How to Get a Home Loan with No PMI – Boston Mortgage Update

Private Mortgage Insurance (PMI) is required on most mortgages to protect the lender in case the borrower defaults on the loan. If a potential homeowner can’t come up with 20% down, PMI may be required to qualify for a loan. This can add a substantial amount per month to mortgage payments. Potential homeowners seeking mortgages may not understand or even realize what PMI is and how it will affect their monthly payments. If a potential homeowner is seeking a mortgage for a property in the Village area of Brookline, MA listed at $450,000, they will need to come up with $90,000 down to meet the 20% requirement. If they are not able to do this, the lender may require PMI be added onto their loan raising their payments by several hundred dollars a month. .

English: Boston, Massachusetts home loan with no Private Mortgage Insurance
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There are options open to homeowners who can’t come up with this much of a down payment. One option is for the lender to pay the PMI, known as LPMI. This cost is added onto the total of the mortgage, but may lessen the financial burden faced by the homeowner. Another option is to seek out no PMI mortgages. An FHA loan is one of these options. Borrowers pay 1.75% of the loan’s amount upfront at the time of settlement. Another option available for FHA loans is 0.5% to 0.55% fee is spread out over one year and added to your monthly mortgage payments. This can save homeowners thousands of dollars in the life of their loan.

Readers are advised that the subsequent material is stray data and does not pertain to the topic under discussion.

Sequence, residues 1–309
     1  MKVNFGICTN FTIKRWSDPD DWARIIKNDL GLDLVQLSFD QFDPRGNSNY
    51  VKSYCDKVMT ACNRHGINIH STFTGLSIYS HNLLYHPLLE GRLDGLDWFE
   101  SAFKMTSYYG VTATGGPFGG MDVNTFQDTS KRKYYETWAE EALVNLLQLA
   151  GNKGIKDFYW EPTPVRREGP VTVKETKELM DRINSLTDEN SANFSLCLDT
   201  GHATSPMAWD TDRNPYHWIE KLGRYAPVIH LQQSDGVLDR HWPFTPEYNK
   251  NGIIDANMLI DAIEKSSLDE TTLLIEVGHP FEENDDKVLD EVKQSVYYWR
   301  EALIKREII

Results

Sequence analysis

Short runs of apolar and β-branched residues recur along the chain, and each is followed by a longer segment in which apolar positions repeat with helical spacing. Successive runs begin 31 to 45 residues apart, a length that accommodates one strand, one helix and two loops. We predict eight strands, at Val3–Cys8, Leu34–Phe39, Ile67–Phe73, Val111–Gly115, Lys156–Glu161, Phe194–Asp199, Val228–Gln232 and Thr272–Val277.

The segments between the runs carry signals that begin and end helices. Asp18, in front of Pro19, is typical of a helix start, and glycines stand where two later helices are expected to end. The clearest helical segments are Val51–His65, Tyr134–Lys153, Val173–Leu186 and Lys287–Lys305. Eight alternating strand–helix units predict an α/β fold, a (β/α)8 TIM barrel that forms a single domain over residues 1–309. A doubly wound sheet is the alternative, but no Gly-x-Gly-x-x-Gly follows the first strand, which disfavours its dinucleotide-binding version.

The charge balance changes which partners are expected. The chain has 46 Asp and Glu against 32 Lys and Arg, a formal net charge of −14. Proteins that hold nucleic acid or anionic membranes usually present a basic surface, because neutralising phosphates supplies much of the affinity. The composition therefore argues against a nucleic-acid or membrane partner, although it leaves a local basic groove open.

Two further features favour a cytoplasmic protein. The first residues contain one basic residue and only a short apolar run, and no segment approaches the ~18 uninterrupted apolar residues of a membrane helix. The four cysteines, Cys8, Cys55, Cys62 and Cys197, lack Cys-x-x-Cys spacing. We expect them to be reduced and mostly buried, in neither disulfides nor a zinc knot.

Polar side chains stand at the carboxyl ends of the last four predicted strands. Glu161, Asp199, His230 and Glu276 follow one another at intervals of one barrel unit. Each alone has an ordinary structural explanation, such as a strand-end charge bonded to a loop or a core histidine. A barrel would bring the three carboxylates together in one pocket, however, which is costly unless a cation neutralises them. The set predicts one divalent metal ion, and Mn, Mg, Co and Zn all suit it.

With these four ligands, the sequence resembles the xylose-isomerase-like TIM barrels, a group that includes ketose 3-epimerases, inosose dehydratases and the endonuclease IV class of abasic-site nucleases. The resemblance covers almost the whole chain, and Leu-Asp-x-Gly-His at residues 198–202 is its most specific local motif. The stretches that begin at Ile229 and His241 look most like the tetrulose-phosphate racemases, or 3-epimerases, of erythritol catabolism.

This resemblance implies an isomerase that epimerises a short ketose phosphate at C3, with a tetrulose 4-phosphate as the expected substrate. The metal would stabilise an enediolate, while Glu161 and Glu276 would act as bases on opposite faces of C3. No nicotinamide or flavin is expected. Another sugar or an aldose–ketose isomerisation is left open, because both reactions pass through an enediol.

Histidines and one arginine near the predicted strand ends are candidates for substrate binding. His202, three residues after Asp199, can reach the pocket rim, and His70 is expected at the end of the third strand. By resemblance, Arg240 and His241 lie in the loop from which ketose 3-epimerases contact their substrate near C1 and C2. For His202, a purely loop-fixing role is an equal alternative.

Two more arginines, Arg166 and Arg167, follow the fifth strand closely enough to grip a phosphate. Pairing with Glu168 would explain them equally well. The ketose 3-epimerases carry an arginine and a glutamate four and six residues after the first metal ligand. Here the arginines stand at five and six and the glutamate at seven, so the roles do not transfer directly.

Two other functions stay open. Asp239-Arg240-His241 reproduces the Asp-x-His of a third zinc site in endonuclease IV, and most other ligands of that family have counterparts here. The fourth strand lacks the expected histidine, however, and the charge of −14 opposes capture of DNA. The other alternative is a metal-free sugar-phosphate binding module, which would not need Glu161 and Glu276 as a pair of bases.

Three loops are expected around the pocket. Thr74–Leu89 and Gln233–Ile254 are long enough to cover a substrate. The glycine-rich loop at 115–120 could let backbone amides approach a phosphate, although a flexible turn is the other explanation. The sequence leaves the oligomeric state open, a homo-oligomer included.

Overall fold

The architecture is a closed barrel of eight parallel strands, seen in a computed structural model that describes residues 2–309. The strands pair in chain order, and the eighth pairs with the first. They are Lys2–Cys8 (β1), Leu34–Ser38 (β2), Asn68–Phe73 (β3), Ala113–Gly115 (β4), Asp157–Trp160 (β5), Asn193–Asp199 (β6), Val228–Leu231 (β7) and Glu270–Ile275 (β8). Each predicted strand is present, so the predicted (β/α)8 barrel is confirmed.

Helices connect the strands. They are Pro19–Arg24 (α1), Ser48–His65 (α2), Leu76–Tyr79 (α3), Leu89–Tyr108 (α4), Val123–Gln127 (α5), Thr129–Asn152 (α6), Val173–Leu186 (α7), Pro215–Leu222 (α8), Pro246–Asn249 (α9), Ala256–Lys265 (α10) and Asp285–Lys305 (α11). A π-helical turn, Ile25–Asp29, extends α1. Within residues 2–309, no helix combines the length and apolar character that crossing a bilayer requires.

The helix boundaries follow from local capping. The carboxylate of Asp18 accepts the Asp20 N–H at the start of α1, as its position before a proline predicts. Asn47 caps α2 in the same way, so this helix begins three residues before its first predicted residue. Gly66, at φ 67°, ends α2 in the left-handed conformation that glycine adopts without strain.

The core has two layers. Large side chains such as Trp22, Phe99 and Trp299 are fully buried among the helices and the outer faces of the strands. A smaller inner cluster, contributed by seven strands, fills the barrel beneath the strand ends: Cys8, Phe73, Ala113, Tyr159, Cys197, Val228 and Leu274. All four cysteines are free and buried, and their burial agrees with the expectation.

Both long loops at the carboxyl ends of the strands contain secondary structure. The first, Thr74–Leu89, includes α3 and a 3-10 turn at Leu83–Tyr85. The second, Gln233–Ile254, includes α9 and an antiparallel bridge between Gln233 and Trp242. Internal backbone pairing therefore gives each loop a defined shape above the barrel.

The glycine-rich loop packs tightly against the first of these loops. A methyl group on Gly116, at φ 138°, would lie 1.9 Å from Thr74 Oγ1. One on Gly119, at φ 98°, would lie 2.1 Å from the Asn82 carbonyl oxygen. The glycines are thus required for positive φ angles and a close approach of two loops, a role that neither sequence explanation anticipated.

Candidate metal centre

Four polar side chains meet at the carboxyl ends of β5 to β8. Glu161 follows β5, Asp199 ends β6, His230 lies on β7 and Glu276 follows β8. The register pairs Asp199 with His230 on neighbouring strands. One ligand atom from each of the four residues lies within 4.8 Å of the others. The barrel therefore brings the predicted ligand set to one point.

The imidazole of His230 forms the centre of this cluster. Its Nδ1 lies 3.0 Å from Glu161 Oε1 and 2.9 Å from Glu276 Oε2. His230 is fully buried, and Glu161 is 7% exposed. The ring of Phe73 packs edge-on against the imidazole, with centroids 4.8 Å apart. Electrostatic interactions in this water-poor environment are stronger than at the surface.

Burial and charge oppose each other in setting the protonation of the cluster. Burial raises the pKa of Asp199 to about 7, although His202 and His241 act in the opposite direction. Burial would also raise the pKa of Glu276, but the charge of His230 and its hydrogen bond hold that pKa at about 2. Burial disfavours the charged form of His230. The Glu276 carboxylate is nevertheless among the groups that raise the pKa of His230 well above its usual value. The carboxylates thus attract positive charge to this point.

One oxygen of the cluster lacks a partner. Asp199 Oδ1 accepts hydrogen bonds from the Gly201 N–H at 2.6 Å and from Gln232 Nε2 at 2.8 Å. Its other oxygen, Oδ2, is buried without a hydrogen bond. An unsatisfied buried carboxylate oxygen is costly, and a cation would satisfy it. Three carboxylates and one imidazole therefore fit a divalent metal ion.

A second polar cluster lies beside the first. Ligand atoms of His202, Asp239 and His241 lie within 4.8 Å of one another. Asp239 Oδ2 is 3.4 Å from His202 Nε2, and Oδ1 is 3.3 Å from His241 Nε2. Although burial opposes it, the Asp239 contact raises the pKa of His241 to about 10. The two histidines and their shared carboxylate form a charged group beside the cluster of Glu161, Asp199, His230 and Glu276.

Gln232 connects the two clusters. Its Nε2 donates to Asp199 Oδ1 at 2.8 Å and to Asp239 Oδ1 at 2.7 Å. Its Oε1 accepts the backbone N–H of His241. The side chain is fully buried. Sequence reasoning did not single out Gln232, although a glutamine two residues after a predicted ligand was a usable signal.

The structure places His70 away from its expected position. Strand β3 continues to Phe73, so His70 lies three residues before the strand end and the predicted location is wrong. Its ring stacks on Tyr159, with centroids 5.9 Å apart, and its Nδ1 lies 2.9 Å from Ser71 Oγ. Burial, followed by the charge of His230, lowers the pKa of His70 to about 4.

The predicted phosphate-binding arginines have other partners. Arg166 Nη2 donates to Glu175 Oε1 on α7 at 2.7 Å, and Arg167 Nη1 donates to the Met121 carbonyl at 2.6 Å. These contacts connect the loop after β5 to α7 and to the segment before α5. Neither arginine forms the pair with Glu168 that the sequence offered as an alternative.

On a property listed at $450,000 in Plymouth, MA the homeowner would pay $78,750 at the time of settlement. This is much less than paying PMI for the life of the loan or until loan amount reaches at least 80% of the home’s listed price. (Termination of PMI is not automatic. Homeowners must initiate the termination process once the loan amount reaches the 80% point.)

Another option for an FHA loan is to pay a higher annual premium for the life of the loan. This annual premium is charged until the mortgage amount comes to 78% of the appraised value or sales price of the home. Potential homeowners should be aware the premium is locked into the loan for at least five years. Paying discount points will decrease the interest rate, but does nothing to reduce the annual premium, although this may be a decision the borrower makes to recoup some of the premium amount on the loan. An FHA loan is a viable option for potential homeowners who are unable to come up with the required 20% down. FHA loans only require 3% and by paying an upfront premium or an annual premium, homeowners can save thousands of dollars over the life of their mortgage.

Phil Ganz (354 Posts)

Philip D. Ganz is a Boston Mortgage Broker and Boston Home Loan specialist. For information, expertise, consulting, or advice about home loans, refinancing mortgages, or commercial property loans, contact Phil with no obligation: 617-529-9317

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